Apr 18, 2007    #062
Contact: Noemi Rojas, UMKC public relations
(816) 235-1520

Gary is top alumnus for School of Biological Sciences

Keith A. Gary, Ph.D., has been selected to recieve the 2006 Alumni Achievement Award from the University of Missouri-Kansas City (UMKC) under the banner of the School of Biological Sciences.

Each of UMKC’s 12 academic units recognizes one alumnus annually for achieving notable success in their profession and for having rendered outstanding community service.

Gary will accept his award at the annual Alumni Association’s dinner and program. The event, which draws an audience of 700, is scheduled for 5:30 p.m. Thursday, April 19, 2007, in the Swinney Recreation Center, 5030 Holmes St.

Gary’s 14-year career in science and research may certainly be described as illustrious. After earning his Ph.D. in biochemistry from the UMKC School of Biological Sciences in 1993, he went on to complete a postdoctoral fellowship at the University of Pennsylvania School of Medicine in its NIH-sponsored Neuropsychopharmacology Training Program.

By 1995, he received a Young Investigator Award from the National Alliance for Research on Schizophrenia and Affective Disorders. Later, as a research assistant professor in at Dartmouth Medical School in New Hampshire, he received a Hitchcock Foundation Award.

After Dartmouth, he became an assistant professor at the University of Connecticut Health Center with joint appointments in the departments of psychiatry and pharmacology. While there, he continued his research on critical neuropsychiatric issues. He has published in peer-reviewed journals, served on various review panels and contributed to a patent.

In 2003, he returned to Kansas City to serve as director of program development at the Kansas City Area Life Sciences Institute (KCALSI).

With all this success, it is surprising to know that Gary never anticipated a career in research. In fact, he hated research as an undergraduate.

“I had no patience for it,” he said during a recent interview. “I thought I was going to be a physician.”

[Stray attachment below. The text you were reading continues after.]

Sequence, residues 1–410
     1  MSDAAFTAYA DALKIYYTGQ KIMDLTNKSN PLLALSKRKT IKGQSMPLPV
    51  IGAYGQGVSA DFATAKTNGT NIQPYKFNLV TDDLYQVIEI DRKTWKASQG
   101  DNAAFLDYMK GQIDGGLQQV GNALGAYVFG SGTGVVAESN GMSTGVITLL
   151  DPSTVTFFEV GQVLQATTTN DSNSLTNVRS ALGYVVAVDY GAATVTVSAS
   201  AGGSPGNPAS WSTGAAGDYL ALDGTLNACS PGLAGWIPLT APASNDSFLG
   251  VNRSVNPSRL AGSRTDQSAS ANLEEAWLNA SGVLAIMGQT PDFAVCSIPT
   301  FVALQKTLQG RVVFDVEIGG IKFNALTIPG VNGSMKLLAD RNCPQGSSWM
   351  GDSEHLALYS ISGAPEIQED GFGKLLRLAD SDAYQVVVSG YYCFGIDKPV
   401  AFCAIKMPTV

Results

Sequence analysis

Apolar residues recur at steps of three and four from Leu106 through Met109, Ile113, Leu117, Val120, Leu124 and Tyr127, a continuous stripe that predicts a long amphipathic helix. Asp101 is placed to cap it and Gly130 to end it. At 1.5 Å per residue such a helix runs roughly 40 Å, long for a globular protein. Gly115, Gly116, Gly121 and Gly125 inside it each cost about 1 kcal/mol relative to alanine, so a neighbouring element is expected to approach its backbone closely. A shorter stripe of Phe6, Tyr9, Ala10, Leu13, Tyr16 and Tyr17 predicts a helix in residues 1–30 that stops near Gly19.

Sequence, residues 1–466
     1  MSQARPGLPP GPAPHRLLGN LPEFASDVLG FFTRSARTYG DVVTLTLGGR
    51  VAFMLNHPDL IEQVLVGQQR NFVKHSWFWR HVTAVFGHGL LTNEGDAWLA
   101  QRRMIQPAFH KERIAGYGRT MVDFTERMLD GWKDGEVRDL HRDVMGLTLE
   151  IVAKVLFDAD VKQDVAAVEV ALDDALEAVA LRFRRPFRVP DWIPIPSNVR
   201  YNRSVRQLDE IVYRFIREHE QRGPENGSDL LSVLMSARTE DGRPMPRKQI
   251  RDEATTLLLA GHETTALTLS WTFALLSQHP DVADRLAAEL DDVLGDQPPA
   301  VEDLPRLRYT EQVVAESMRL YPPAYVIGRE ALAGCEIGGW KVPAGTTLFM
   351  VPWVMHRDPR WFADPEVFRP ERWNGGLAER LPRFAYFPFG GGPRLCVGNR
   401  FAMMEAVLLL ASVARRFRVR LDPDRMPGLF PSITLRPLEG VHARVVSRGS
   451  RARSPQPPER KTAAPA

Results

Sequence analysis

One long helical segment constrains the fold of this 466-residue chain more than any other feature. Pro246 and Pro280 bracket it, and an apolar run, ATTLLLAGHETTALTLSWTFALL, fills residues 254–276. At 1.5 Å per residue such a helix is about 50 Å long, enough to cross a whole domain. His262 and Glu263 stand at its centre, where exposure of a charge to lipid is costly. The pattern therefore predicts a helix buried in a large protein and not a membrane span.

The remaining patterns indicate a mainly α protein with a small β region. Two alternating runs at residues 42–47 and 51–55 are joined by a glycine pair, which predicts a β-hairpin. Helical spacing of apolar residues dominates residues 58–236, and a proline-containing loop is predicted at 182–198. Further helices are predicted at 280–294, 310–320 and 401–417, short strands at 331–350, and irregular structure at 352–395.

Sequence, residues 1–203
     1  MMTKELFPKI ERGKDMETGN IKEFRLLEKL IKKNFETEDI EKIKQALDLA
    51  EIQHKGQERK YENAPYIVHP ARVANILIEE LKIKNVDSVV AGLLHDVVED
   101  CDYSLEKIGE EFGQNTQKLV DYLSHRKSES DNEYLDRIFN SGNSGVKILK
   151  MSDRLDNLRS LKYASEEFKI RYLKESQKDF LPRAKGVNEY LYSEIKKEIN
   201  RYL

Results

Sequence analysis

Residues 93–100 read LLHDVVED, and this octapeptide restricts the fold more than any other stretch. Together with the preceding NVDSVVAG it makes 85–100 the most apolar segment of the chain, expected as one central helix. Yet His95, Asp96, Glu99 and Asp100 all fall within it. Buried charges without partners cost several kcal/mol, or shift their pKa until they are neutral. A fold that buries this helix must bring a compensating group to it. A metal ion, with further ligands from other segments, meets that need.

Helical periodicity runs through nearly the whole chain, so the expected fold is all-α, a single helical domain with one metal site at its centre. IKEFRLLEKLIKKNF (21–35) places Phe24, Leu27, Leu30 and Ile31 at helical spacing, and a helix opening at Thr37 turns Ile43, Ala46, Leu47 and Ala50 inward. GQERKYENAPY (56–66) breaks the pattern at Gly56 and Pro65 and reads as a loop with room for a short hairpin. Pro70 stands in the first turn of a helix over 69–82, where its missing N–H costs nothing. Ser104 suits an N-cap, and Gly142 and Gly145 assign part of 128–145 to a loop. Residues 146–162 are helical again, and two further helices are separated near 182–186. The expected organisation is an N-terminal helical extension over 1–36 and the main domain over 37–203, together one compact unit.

It wasn’t until after graduation that he had a revelation. While working at St. Luke’s Hospital as a dialysis technician, he saw many people with kidney failure die despite receiving state-of-the-art therapy. It shook his faith in medicine.

“Someone needed to find new medicines and treatments. That’s how I became interested in research,” he said.

He became involved with clinical trials at St. Luke’s, and he enrolled in some classes at UMKC, including an advanced genetics course that connected him with a professor, eventually leading to a fellowship.

Throughout his career, he has attempted to keep focused on research that can quickly be translated into patient care. In fact, while at the University of Pennsylvania, he and colleagues collaborated with scientists from the National Institute of Mental Health. They found that the timing in which a drug is administered can have a dramatic affect on improving mood in patients with major depression.

Today, Gary continues to contribute intellectually to research taking place elsewhere; however, it is his position with KCALSI that allows him the potential for broader scientific impact. As KCALSI’s program development director, he assembles scientific teams to leverage the region’s intellectual capital to compete more effectively for federal research dollars.

“I work with scientists across a wide range of fields,” he said. “Translational research is booming here in the Kansas City area. I’m right where I’d like to be.”

“He is an excellent representative for a graduate from UMKC and an excellent choice as Alumnus of the Year from the School of Biological Sciences,” said Bibie M. Chronwall, Ph.D., vice provost of Undergraduate Affairs and Student Engagement at UMKC.

“Receiving UMKC’s Alumni Achievement award provides a degree of validation for the hard work and effort necessary to build a research career. My family deserves a large portion of this award for their constant love and support,” Gary said.

UMKC is one of four University of Missouri campuses. It is a public university serving more than 14,000 undergraduate, graduate and professional students. UMKC engages with the community and economy based on a three-part mission: visual and performing arts, health and life sciences, and urban affairs.


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